Monday, April 14, 2014

Riding a Fixie


Not well suited to the streets of San Francisco, single-speed bikes are perfect for flatter regions and can be loads of fun.  Riding a fixie will likely feel very strange at first and take some getting used to. It gives you a strong feeling of being connected to your bike and gives you far more control. You have to learn to slow the bike down with your legs and it’s a great way to build up strong muscles.

For me my first fixed gear ride up and down the road was a bit strange, different, a bit terrifying, but at the same time a rush, as I felt so in contact with the road. Although intrigued by its beauty, I initially dismissed the bike based on the fact that I couldn’t coast.  Riding a fixed gear will most certainly seem strange to road riders at first, but you quickly learn the subtle skill of easing off to brake and before too long the single ratio becomes second nature.

If you’re not totally committed to the idea of being “fixed”, buy a bike with a flip-flop hub. This system allows you to take off your back wheel and flip it around- on one side of the wheel is a fixed cogwheel (sprocket) on the other a cogwheel that allows you to freewheel.  In fact this is what I recommend for most riders. You get the benefits of a single gear bike, without the challenges and the advanced skill set required to safely ride a fixed gear bicycle. Because they have no gears, fixies do not have to be expensive bikes.

Do yourself and the rest of the people out there a favor though,  keep the brakes on your bike and the clothes on your body.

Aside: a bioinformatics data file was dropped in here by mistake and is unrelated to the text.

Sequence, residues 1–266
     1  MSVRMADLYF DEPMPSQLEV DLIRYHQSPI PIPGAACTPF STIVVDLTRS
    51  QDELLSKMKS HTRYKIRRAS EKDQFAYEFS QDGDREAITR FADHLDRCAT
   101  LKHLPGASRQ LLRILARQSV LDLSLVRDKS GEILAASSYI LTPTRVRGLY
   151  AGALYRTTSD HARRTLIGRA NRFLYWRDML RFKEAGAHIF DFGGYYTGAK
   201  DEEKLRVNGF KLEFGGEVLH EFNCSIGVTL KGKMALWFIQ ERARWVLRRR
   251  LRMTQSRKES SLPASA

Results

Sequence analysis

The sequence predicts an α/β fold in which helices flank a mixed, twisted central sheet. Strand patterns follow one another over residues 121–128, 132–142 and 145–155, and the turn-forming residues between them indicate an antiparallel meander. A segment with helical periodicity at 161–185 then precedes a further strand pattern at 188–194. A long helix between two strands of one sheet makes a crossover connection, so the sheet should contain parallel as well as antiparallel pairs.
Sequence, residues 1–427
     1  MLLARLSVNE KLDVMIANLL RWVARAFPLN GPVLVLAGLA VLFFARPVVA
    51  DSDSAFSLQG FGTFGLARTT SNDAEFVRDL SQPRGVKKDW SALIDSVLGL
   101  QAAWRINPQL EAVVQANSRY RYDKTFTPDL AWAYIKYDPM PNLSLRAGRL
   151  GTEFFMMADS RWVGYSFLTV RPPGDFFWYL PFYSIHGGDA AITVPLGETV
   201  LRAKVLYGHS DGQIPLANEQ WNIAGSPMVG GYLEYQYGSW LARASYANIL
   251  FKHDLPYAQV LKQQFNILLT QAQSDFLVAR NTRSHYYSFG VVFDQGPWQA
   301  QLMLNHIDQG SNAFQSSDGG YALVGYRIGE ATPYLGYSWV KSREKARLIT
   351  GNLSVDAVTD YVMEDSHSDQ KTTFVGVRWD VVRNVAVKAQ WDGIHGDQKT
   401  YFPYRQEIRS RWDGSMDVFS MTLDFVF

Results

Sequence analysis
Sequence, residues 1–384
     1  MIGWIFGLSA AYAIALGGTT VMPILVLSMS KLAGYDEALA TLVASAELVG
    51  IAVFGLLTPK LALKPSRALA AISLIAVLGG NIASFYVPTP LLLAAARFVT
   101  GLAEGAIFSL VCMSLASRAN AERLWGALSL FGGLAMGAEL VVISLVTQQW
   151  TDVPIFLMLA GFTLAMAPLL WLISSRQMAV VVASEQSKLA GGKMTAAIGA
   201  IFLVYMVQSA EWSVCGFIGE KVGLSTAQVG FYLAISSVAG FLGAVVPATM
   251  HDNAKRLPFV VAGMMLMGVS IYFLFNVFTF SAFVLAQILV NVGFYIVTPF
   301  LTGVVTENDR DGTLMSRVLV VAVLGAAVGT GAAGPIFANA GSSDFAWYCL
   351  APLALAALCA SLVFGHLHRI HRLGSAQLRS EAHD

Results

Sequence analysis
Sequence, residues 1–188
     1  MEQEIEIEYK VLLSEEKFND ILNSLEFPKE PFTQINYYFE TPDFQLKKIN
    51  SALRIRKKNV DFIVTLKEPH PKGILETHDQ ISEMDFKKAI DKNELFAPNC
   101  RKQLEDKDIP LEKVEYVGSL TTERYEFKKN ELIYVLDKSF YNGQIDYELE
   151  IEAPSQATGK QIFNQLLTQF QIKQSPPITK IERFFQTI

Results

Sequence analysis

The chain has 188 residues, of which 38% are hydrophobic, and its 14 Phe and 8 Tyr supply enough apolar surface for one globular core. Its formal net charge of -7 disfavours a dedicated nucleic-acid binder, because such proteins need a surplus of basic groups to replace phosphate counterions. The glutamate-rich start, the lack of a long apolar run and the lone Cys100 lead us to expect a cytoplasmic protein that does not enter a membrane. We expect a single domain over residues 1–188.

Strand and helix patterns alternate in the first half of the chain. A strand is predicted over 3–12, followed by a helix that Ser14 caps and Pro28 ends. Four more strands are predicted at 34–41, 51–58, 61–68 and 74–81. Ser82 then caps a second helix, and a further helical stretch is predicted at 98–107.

Riding "the Liberator" by Baseline Bicycles


Tuesday, April 1, 2014

Bicycles without pedals? Baseline Bicycles brings back the velocipede.


PRESS RELEASE

April 1, 2014
Baseline Bicycles, a relatively new manufacturer/retailer of fixed gear bicycles has taken the back to the basics styling trend further than any bicycle company to date.  Several companies market “balance bikes”, bikes without pedals that help small children transition to riding bicycles. Baseline bicycles is taking the opposite approach and marketing their bikes to adults seeking to simplify their bike riding experience.

Velocipedes launched the personal mechanized transport era in the early 1800s, predating bicycles with pedals by some 40 years. Why bring them back?  Ray Banks, the founder of the company, explains what prompted him to do away with pedals. “I originally set out to design and market fixed-gear bicycles (fixies); simple, beautiful, single-speed bicycles. I have long held the philosophy that simpler is better and that a back to the basics approach is a healthier, more beautiful, more enjoyable way to live.”  When visiting the factory to check on the progress of his first order, Banks found that although the bikes were almost complete, they were waiting on the pedals. Nevertheless, having made the journey to the factory, he decided to take a sample out to gauge how the bikes would be received. 

He was very pleased by the attention the bike garnered; especially on college campuses. Of course lacking pedals, observers would laughingly ask how one rides a bike without pedals. Intending to be funny, Banks jokingly got on the bike and used his feet to propel himself around. This drew even more attention and Banks soon realized that he had stumbled onto an untapped market.


The company is now selling their bicycles from their website Baselinebicycles.com. Banks considers his bikes to be works of art based on the minimalism school where design is pared down to only the most essential elements. Other fixed-gear bicycle manufacturers have gone so far as to remove the brakes from their bicycles. Banks believes safety to be paramount and therefore considers brakes to be essential and so they are included. Pedals on the other hand he considers to be non-essential and thinks having them results in a “cluttered” look.

To see what a bike without pedals looks like and how it is ridden check out the video:

  April Fools!